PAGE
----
Mortgage rates were unchanged for the most part today.  Of the lenders who had measurable changes from yesterday's latest offerings, slightly more of them moved higher in rate, but the general lack of movement can't be overemphasized.  To reiterate yesterday's assessment, this is an uncommon occurrence following a move to recent lows fueled by geopolitical risk.  In other words, when unexpected headlines cause rapid movements in financial markets, rates don't normally just freeze at the lows for days on end.

Not only have things been stagnant in the short term, but the past few months have been exceptionally flat as well.  In fact, it's not unfair to say that after bottoming out in late May, mortgage rates haven't moved much at all.  Only two rates have been contenders for top-tier conforming 30yr fixed scenarios during that time: 4.125 and 4.25%.  Whichever rate you were quoted yesterday is almost certainly the same rate you'd be quoted today. 

The only differences from one day to the next are the very slight changes in closing costs.  This is a factor of mortgage lenders typically offering rates in .125% increments.  There is seldom enough movement to move rates by an entire .125%.  The costs associated with those rates are like 'fine-tuning' adjustments that allow lenders to keep pace with the always-moving bond markets that serve as the basis for rate sheet movement.


Loan Originator Perspective

"Even with treasuries dipping to YTD lows we have not seen a substantial enough move in rates to truly warrant any speculation in floating. Geopolitics and foreign economic circumstances are the catalyst and that story will lose it's luster quickly. Lock em up." -Constantine Floropoulos, Quontic Bank

"Sitting at the bottom of a long term range & with no data immediately in sight, if there is a move one way or the other in the next day or two it is MOST likely that rates will rise. Locking is the safest option day to day right now." -Brent Borcherding,

"Not much as far as U.S data to move markets this week, so we will move based on developments in Ukraine, Syria, Palestine and Iraq. So good news will move us higher while bad news will hold us here or move us lower in rate. We also have some important data coming from Europe later this week that could impact our yields. It does seem we have a new range on the 10 year note with 2.44 being the top but it isn't rock solid support. With lender pricing slightly better today, I think those consumers closing within 15 days should consider locking. I also think longer term closings might want to look at locking; however, it isn't uncommon for yields to rally once the auction cycle completes on Thursday." -Victor Burek, Open Mortgage

"Nothing's changed today. In my opinion the risk of rates moving higher still outweighs the potential to move significantly lower which still lends itself to locking in short term closings now. Beyond the short term, it's really a crapshoot so check your risk tolerance and keep your loan officer on speed dial." -Hugh W. Page, Mortgage Banking Officer, M.B.A.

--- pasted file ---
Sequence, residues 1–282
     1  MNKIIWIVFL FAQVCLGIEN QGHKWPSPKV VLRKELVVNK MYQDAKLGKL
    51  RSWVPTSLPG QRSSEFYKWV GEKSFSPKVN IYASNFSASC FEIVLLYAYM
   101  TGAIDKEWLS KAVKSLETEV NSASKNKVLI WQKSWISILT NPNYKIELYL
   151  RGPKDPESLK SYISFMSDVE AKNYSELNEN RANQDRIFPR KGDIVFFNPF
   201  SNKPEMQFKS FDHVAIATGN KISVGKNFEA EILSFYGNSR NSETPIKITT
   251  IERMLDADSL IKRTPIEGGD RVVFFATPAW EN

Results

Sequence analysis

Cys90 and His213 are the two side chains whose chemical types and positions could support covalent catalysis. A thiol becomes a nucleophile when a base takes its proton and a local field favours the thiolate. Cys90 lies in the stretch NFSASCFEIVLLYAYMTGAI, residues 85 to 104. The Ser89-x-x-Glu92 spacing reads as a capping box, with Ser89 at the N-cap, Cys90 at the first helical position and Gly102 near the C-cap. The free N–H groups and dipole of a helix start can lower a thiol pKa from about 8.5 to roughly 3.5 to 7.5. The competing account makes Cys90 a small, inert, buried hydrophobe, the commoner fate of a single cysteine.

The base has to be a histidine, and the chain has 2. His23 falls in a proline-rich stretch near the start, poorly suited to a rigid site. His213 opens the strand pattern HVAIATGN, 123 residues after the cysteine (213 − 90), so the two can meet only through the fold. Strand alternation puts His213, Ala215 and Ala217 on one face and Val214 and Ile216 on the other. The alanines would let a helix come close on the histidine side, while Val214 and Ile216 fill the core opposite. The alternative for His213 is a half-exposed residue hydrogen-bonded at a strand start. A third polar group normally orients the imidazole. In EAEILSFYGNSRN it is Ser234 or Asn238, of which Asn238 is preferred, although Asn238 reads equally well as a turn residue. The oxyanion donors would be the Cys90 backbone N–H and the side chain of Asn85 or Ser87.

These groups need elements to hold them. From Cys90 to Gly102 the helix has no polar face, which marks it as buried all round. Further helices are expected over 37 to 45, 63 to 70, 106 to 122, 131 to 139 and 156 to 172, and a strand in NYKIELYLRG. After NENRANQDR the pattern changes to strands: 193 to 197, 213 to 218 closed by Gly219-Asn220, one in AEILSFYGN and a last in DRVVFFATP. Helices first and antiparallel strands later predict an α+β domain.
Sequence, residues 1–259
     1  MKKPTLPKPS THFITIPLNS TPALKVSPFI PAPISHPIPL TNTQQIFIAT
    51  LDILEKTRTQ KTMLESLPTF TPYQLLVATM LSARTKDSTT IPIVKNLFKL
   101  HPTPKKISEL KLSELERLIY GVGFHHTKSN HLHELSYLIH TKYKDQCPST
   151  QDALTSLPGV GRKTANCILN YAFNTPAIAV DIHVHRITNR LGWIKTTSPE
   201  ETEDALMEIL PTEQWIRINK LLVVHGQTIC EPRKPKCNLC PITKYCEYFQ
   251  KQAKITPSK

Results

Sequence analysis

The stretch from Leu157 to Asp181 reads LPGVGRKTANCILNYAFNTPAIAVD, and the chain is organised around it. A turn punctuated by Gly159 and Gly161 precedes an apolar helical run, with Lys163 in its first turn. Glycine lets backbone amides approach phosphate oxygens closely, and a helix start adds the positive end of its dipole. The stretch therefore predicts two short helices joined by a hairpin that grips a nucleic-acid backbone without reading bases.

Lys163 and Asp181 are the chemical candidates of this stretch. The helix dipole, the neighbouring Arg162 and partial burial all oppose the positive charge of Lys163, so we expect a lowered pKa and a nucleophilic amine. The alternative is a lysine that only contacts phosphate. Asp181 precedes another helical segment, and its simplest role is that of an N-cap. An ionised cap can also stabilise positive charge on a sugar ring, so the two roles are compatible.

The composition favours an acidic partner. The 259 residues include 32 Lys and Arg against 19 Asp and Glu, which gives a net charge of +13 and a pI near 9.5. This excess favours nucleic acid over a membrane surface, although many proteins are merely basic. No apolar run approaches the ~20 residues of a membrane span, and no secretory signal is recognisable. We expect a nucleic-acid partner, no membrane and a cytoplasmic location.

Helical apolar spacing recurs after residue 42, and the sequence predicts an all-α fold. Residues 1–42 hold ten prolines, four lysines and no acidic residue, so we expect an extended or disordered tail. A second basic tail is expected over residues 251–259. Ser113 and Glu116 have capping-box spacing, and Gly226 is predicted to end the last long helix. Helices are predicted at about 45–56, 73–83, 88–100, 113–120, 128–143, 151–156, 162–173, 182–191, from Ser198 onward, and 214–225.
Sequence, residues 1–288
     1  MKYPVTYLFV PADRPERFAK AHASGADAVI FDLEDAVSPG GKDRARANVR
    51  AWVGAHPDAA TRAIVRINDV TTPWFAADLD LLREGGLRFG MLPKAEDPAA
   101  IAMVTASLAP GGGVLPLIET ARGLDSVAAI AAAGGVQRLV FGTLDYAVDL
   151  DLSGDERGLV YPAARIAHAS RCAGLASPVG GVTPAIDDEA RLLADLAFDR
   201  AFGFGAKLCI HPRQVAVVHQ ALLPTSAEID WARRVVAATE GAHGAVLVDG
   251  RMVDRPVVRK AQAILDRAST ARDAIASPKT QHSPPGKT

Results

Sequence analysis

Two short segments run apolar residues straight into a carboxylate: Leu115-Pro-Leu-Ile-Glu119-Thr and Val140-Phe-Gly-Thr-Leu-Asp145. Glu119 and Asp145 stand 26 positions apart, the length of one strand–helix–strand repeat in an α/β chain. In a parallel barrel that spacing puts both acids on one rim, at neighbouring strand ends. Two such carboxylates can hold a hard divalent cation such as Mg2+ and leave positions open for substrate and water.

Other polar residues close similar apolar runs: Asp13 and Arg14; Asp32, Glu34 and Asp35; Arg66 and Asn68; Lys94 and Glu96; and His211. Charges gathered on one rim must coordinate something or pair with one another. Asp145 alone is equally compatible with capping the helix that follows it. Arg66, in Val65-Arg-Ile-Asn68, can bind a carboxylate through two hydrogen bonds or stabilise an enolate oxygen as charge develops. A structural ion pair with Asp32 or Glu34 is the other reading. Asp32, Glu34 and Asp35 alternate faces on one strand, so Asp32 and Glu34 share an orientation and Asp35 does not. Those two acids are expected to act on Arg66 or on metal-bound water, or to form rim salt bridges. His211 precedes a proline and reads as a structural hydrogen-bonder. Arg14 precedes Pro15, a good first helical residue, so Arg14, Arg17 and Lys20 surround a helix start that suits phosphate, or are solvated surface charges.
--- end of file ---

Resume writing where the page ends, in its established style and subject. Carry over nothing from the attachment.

"Today's action looked more significant than it might have been, with MBS pricing gyrating upward/downward several times. As of 1:30 Eastern, no lender reprices were reported on MBS Live. Ukrainian Drama still injecting some risk demand into the market (which helps drive rates lower), we'll see how that plays out. Bottom line, we're still within recent ranges, so if you're happy with pricing, could do worse than locking. If you don't mind some risk, potential for international turmoil could still help rates." -Ted Rood, Senior Mortgage Planner,

"What a flat day today for rates. Risks reward currently favors locking. If things remain flat you could float and at least buy some time and lock for a shorter window. Things could change should geopolitical events escalate. This type of news should lead to a lower rates." -Manny Gomes, Branch Manager, Norcom Mortgage


Today's Best-Execution Rates

  • 30YR FIXED - 4.125-4.25
  • FHA/VA - 3.75%
  • 15 YEAR FIXED -  3.375%
  • 5 YEAR ARMS -  3.0-3.50% depending on the lender

Ongoing Lock/Float Considerations

  • The hallmark of 2014 so far has been a disconcertingly narrow range in rates.  Too many market participants bet on rates going higher in 2014, and markets have punished that imbalance with a paradoxical move lower.

  • As of June, rates were officially lower year-over-year, but that's due to rates' path higher in 2013.  The current path in 2014 remains sideways. 

  • European markets continue to play a nagging role in the background, generally helping rates in the US remain lower than they otherwise might be. 

  • From a wider point of view, we're in limbo, waiting for the first significant move away from the narrow range.  A rally into late May stood a chance to act as this break, but rates have since returned to what were previously the lower limits of the 2014 range.

  • As always, please keep in mind that the rates discussed generally refer to what we've termed 'best-execution' (that is, the most frequently quoted, conforming, 30yr fixed rate for top tier borrowers, based not only on the outright price, but also 'bang-for-the-buck.'  Generally speaking, our best-execution rate tends to connote no origination or discount points--though this can vary--and tends to predict Freddie Mac's weekly survey with high accuracy.  It's safe to assume that our best-ex rate is the more timely and accurate of the two due to Freddie's once-a-week polling method).